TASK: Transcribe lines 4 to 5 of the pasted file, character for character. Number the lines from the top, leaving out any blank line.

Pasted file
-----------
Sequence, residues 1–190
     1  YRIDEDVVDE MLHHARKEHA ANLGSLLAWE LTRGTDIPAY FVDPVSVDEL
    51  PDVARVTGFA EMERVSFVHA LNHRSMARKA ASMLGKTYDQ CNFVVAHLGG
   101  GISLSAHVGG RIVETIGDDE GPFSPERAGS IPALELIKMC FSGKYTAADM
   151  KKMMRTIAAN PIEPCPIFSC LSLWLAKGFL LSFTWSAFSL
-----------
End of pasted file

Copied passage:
   101  GISLSAHVGG RIVETIGDDE GPFSPERAGS IPALELIKMC FSGKYTAADM
   151  KKMMRTIAAN PIEPCPIFSC LSLWLAKGFL LSFTWSAFSL